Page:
“God’s dealings with nature parallel his dealings with humanity.”
Interesting. Entertaining. But not compelling.
Dembski deconstructs many historic and current theodicies (reconciliations of God’s goodness and the existence of evil) and creates his own, pivoting on the retroactive tainting of creation by human disobedience, AKA The Fall. He takes on both classic and neo-atheists, young and old-earth creationists, and even classical philosophy. He’s better at disassembling than building.
Of course, the Judeao-Christian God could act retroactively. “God doesn’t live in time. He invented time for us,” said Gerri Dickens. And the redemption bought at the cross is explicitly applicable to those who died before Jesus, but possible doesn’t mean necessary and sufficient. Like all logical arguments for or against the existence of God, Dembski’s fails.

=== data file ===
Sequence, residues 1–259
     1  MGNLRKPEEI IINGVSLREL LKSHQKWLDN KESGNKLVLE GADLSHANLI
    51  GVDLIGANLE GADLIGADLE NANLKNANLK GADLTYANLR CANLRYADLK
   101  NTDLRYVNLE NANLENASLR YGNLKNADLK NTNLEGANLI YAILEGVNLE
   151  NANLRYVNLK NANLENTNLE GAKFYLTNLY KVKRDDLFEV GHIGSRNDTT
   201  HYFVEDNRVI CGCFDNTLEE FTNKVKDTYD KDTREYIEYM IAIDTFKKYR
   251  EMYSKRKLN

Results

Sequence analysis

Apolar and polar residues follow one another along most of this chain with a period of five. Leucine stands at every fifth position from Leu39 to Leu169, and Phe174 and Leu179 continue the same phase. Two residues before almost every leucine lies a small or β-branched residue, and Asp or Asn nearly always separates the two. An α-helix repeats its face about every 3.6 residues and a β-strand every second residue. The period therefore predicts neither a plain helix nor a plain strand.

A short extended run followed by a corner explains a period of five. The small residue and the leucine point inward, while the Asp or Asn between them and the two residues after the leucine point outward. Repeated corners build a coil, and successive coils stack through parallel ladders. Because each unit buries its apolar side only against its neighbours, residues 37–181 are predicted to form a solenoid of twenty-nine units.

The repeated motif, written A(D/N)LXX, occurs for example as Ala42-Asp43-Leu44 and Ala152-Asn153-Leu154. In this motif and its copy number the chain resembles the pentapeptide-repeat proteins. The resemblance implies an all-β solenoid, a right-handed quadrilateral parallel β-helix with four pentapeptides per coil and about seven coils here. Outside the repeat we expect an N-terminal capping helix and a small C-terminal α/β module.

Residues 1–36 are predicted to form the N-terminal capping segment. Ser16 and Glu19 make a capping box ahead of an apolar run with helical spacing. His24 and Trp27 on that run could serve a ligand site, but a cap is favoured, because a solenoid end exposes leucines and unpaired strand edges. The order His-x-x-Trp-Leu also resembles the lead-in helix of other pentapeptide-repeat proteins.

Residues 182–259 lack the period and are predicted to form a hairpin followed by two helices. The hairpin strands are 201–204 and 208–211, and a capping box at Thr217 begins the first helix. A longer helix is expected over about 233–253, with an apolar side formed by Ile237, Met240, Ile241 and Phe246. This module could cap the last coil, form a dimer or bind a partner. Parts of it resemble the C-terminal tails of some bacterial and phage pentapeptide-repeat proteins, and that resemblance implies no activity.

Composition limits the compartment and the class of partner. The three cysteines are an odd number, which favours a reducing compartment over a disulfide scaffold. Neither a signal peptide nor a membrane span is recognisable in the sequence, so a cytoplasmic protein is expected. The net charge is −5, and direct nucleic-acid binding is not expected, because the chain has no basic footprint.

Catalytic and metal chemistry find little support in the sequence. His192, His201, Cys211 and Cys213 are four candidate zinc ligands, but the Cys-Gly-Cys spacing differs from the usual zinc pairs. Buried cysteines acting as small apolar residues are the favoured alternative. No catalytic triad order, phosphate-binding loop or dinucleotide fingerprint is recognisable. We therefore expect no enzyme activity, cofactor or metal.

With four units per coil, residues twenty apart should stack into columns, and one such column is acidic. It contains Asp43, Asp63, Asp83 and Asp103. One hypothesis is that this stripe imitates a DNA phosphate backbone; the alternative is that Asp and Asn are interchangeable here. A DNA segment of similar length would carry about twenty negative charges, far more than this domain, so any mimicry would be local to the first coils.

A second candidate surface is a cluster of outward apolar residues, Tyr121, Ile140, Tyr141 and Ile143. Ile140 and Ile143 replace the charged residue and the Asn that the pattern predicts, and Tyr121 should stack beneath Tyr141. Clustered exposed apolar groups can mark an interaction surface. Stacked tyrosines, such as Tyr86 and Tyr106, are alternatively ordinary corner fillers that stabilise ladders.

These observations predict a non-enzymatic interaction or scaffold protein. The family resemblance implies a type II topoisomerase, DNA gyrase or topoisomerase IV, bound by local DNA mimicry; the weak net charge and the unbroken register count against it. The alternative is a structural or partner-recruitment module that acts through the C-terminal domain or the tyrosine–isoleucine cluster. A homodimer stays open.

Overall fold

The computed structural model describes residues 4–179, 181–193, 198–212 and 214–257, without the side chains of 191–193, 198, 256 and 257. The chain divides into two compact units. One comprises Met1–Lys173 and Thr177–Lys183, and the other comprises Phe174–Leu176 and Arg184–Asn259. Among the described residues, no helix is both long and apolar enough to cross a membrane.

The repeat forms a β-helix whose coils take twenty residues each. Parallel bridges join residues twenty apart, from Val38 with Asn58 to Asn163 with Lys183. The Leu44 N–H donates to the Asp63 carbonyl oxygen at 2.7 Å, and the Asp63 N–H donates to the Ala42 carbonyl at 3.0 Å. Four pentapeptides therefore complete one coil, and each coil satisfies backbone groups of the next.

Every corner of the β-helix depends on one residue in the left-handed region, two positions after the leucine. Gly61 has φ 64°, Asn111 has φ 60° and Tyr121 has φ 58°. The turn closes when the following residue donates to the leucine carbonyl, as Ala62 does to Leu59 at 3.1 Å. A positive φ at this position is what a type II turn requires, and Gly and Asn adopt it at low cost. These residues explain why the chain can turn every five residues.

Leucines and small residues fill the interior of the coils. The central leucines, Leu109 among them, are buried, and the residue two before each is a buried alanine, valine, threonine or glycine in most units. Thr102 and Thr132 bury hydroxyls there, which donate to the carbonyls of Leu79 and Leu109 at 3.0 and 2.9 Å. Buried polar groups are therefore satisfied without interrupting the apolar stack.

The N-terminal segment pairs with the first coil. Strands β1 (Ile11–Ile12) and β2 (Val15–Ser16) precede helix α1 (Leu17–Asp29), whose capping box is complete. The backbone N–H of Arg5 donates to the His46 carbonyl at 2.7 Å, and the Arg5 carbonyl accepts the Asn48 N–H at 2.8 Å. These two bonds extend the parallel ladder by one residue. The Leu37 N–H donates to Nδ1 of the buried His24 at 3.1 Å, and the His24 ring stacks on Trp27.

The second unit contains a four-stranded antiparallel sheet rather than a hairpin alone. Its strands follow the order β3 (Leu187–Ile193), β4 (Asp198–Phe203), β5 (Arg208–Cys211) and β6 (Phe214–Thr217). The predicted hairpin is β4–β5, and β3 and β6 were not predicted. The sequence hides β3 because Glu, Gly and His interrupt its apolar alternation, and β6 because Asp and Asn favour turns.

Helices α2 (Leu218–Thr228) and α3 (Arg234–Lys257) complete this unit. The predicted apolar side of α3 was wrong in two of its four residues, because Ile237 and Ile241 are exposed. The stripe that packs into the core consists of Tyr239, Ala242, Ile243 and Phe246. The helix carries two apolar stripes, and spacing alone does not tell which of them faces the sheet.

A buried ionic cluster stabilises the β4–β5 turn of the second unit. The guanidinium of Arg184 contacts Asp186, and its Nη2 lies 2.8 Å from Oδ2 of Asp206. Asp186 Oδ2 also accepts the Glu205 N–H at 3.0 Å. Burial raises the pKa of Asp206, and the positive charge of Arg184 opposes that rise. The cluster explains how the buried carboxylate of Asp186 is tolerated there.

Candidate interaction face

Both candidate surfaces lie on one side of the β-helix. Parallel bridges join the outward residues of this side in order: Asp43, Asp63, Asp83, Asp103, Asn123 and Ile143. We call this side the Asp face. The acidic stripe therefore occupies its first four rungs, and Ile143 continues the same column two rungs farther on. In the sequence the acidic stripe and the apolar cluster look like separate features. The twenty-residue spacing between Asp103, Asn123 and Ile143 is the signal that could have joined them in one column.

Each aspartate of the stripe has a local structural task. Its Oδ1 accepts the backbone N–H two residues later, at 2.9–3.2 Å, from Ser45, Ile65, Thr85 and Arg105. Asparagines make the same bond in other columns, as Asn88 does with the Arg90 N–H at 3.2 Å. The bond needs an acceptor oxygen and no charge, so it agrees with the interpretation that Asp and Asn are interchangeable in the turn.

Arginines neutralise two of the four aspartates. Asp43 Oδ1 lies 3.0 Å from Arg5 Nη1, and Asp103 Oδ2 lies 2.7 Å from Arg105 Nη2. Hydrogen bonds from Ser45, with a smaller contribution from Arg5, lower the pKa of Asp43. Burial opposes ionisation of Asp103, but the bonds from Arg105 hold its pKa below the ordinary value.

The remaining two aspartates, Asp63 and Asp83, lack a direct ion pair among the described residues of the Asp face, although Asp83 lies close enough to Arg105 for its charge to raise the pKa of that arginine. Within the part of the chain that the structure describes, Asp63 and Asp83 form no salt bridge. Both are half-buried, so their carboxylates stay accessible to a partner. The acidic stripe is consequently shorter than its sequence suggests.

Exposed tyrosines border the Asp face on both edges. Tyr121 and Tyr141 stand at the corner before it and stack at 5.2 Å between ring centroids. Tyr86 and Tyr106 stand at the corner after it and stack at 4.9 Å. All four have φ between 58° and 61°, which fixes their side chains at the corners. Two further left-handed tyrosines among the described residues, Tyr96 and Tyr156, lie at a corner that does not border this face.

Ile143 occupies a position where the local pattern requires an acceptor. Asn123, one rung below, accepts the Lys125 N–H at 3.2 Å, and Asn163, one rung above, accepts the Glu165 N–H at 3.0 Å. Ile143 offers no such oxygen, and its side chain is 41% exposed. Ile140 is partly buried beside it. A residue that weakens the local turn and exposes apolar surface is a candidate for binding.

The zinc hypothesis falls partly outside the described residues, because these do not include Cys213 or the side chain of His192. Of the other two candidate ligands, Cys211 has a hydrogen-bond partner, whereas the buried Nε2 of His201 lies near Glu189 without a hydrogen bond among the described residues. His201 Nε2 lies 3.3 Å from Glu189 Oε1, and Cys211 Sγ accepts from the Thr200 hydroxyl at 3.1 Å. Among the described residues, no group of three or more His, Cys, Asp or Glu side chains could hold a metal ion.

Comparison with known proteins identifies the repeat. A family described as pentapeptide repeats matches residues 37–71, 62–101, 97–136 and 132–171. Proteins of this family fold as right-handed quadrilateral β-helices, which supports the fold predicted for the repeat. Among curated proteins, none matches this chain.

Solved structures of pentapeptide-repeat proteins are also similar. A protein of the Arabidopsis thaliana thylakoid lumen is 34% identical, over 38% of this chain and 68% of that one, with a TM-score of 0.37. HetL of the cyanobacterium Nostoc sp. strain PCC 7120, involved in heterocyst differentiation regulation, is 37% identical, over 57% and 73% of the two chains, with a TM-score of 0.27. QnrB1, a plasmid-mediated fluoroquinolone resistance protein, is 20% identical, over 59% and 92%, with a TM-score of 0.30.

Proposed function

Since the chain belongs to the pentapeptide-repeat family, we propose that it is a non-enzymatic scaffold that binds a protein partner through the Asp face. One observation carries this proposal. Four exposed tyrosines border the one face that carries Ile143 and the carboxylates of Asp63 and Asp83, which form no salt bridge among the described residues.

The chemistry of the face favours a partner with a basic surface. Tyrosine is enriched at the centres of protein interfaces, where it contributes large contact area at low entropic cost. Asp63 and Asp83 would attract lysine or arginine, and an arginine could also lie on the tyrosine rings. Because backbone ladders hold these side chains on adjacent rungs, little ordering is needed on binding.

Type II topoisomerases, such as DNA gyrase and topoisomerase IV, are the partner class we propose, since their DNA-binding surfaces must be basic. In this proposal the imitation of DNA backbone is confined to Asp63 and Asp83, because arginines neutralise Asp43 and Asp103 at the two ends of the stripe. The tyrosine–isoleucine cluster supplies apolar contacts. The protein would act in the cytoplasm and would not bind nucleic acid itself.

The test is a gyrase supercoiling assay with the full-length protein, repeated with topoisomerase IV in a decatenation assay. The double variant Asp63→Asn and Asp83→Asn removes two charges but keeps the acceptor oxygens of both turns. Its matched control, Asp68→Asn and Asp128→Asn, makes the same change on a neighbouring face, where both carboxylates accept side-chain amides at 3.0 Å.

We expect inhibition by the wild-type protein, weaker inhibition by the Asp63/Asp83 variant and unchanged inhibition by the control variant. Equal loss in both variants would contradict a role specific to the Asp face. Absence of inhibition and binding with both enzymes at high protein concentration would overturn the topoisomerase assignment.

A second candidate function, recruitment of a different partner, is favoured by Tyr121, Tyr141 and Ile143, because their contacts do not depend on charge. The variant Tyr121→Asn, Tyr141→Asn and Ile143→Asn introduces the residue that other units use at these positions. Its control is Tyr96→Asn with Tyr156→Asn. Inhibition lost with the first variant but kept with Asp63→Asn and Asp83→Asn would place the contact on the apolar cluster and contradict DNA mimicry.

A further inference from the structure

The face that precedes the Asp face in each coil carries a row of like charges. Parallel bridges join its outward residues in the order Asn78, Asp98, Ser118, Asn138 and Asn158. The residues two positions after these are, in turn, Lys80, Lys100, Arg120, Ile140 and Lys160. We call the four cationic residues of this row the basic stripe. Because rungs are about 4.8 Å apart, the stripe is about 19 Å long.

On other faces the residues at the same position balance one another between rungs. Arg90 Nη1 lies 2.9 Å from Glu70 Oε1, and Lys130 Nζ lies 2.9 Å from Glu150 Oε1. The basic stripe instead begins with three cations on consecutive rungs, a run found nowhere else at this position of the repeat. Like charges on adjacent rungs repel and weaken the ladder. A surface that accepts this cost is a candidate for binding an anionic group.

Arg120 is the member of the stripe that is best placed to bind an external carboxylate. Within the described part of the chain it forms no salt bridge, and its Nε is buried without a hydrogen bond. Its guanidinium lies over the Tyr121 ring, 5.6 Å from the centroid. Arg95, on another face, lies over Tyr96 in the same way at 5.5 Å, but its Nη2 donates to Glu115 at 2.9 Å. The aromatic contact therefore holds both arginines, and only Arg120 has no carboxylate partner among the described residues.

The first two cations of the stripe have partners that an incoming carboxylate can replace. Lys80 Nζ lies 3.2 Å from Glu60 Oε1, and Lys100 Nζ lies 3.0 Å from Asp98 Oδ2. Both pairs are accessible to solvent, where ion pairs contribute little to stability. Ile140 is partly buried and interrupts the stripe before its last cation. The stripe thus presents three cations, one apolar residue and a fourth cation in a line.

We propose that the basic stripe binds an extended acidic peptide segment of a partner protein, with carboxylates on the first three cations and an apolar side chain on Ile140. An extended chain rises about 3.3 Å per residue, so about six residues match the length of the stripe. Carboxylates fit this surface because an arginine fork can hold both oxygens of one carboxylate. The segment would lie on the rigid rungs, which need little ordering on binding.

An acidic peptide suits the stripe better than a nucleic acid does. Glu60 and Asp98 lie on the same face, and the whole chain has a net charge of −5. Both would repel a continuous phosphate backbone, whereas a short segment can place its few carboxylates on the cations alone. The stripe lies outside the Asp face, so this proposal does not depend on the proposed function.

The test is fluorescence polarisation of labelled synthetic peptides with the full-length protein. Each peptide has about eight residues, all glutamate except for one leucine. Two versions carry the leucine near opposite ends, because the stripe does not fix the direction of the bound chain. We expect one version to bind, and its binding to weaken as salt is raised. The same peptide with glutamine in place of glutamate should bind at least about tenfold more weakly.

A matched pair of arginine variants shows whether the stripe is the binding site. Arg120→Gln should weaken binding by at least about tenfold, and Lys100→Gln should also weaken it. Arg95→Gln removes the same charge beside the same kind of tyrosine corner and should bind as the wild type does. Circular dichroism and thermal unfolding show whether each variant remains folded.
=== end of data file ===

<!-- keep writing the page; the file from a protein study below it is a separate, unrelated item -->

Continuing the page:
Dembski like many others in this debate equates “evil” with all disasters. I’m not so sure. Hurricanes, earthquakes, tsunamis and the like are bad. They are destructive and deadly. But are they evil? I’m not sure. To me evil implies intent. So far as Demski’s thesis this is mere quibbling, but if we get sloppy with our terminology soon we can’t communicate.
He raises one interesting issue late in the book: the problem of good. If the existence of evil somehow proves there is no God, what does the existence of good imply? Or as Boethius put it 1,400 years ago, “If God exists whence evil; but whence good if God does not exist?” All the famous atheists from Darwin to Dawkins note that nature is at war with itself. Where then does the impulse, let alone the fact, of good come from?
A wise man warned, “The writing of many books is endless.” Especially books of theology.